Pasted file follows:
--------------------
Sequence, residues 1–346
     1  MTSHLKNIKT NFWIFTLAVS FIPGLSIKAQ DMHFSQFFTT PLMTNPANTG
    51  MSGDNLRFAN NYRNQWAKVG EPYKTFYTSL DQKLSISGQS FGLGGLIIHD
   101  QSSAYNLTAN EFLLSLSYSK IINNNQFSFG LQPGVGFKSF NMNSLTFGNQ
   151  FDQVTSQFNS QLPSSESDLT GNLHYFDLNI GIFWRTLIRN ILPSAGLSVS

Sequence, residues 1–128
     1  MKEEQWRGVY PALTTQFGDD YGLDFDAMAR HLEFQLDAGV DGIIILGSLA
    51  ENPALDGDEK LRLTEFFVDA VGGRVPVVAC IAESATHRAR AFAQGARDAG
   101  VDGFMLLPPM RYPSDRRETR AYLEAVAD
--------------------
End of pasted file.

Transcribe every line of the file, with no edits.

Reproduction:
Sequence, residues 1–346
     1  MTSHLKNIKT NFWIFTLAVS FIPGLSIKAQ DMHFSQFFTT PLMTNPANTG
    51  MSGDNLRFAN NYRNQWAKVG EPYKTFYTSL DQKLSISGQS FGLGGLIIHD
   101  QSSAYNLTAN EFLLSLSYSK IINNNQFSFG LQPGVGFKSF NMNSLTFGNQ
   151  FDQVTSQFNS QLPSSESDLT GNLHYFDLNI GIFWRTLIRN ILPSAGLSVS

Sequence, residues 1–128
     1  MKEEQWRGVY PALTTQFGDD YGLDFDAMAR HLEFQLDAGV DGIIILGSLA
    51  ENPALDGDEK LRLTEFFVDA VGGRVPVVAC IAESATHRAR AFAQGARDAG
   101  VDGFMLLPPM RYPSDRRETR AYLEAVAD